first. The veil is folded and placed on the salver and, along with
the footwear of normal use, taken to the sacristy or some other
convenient location, the proper reverence having first been made.
change of footwear complete, the bishop rises, taking off his biretta
and handing it to an attendant. He then reads the prayers in
preparation for celebrating the Holy Mass, as provided in the Rituale.
8. He is
next divested of the cappa, which also is taken to a convenient
location. He then continues with the prayers for each vestment. Next
he sits, wearing the rochet and biretta, and his attendants assist at
the washing of the hands as in the usual way for the lavabo at the
throne. This completed, the biretta is taken away.
bishop is then vested with the pontifical mass vestments, which have
previously been laid out on the altar, and which are brought by
clerks. The order in which they are brought is the amice, the alb,
the pectoral cross, the cincture, and the stole. Next, the bishop
takes the cope and mitre, and then sits for the remainder of the
psalms if they are not finished. Then he rises, wearing the mitre,
for the Chapter. This finished, the mitre is removed, and he says the
prayers for the Office. After the prayers, while the Benedicamus
Domino is said, he stands without the mitre and then says the
concluding verses and final Pater as usual. The clerks then take the
cope and bring to him the dalmatic, the gloves, and the chasuble. If
he is an archbishop, the pallium is either pinned to the chasuble at
this time, or has previously been attached. The bishop then takes the
mitre and the crosier, and the procession forms as usual to go to the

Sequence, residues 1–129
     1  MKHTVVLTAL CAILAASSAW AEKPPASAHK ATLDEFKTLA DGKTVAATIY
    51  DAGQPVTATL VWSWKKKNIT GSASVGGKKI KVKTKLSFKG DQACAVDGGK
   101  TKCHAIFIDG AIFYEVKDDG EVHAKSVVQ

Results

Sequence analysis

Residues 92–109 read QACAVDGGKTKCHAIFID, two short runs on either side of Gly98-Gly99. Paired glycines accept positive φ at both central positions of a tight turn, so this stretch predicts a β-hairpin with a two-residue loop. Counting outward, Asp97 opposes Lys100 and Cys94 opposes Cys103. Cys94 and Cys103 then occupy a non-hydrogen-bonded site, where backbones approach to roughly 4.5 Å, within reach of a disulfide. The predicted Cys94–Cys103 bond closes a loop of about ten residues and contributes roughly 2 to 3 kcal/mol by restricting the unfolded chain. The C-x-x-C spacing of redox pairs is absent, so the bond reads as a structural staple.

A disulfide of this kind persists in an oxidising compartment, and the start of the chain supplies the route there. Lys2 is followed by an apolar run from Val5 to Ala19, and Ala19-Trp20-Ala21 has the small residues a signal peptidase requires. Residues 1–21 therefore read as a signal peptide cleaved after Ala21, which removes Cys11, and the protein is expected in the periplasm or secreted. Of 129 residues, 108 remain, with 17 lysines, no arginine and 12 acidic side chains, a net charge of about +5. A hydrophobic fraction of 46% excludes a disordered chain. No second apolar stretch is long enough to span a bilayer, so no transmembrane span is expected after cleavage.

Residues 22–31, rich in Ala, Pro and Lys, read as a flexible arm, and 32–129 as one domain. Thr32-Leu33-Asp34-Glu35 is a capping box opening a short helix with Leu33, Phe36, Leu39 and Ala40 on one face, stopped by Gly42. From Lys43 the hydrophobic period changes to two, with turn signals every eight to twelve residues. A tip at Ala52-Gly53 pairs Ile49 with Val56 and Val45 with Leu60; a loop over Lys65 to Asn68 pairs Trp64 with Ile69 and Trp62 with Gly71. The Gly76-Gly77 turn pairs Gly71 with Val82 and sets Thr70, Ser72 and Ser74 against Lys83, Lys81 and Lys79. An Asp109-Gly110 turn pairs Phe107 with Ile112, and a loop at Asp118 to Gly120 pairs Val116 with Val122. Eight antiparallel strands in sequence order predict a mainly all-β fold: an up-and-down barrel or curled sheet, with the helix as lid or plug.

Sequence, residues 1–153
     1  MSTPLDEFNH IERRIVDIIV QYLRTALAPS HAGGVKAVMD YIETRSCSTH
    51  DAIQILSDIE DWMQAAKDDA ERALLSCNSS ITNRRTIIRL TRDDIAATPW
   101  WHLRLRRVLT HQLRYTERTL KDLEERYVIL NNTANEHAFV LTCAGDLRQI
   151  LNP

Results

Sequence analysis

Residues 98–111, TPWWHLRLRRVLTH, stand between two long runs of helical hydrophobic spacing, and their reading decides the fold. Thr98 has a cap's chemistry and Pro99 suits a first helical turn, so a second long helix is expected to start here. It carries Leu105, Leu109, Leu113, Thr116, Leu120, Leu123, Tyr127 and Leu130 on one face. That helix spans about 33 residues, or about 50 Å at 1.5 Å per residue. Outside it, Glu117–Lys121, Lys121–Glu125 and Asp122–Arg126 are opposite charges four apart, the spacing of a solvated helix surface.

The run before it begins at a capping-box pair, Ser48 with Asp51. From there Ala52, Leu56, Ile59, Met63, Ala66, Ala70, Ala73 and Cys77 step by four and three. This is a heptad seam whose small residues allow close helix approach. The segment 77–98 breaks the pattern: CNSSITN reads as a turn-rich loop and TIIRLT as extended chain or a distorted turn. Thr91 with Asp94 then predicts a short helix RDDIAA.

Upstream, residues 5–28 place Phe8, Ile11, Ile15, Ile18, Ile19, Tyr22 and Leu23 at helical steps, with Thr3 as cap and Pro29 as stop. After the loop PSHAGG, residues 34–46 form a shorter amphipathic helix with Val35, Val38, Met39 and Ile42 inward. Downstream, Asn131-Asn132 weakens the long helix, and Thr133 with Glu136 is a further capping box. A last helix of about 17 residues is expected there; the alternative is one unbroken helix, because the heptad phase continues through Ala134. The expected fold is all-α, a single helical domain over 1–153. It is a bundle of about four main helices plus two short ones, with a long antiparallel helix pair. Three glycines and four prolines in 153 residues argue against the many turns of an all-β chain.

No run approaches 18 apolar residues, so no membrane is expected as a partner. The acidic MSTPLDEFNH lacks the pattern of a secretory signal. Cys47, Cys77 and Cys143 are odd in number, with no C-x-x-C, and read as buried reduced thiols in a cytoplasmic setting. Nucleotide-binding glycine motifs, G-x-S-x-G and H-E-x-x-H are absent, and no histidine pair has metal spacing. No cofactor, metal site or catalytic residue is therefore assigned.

high altar to begin the mass with the Prayers at the Foot of the Altar.
10. If the
Office is not said, all is done as above, except that the references
to the Offices are ignored, and the bishop does not take the cope,
but rather continues vesting with the dalmatic, gloves, and chasuble.
SOLEMN MASS OUTSIDE OF HIS DIOCESE
11. If the
bishop is outside his diocese, or else is an auxiliary bishop, it is
unusual for him to celebrate from the throne. If he is so invited,
then the vesting proceeds as above for a bishop within his own
diocese. If he celebrates from the faldstool, then he vests either in
the sacristy, or else at the faldstool, with the vestments arrayed on
the high altar. The Office may be said during the vesting.
WITH THE BISHOP PRESIDING
12. If the
bishop is to preside, but not celebrate a solemn mass, then he either
vests in cope and mitre at the throne, in the Secretarium, or in the
Sacristy, or else remains in cappa.
13. If the
bishop vests in cope, then the procedure for vesting is precisely as
given for a bishop vesting before celebrating a solemn pontifical
mass in his own diocese, and the vesting stops at the cope and mitre.
He then takes the crosier, and the procession forms with the
Celebrant as usual, and all proceeds as given in the norms and
instructions for celebrating a mass in the presence of bishop in his
14. If the
bishop remains in cappa, then after praying before the altar, he
proceeds to the throne, where a clerk brings the pontifical slippers
on a salver, using the humeral veil, and the exchange of footwear is
as given for the vesting of a bishop before a solemn pontifical mass.
He then rises, and the procession forms with the Celebrant as usual,
and all proceeds as given in the norms and instructions for
celebrating a mass in the presence of bishop in his own diocese.
SEATED IN CHOIR
15. If a
bishop sits in choir at the mass or in any liturgy or devotion,
whether a great prelate or not, the arrival is as usual with a few
exceptions. The bishop is vested in either mozzetta or mantelleta as
appropriate. The rites of arrival take place as usual. The bishop
proceeds to the high altar, genuflecting or bowing according to
whether or not the Sacrament is reserved, and then kneels and prays
awhile before taking his seat in the choir.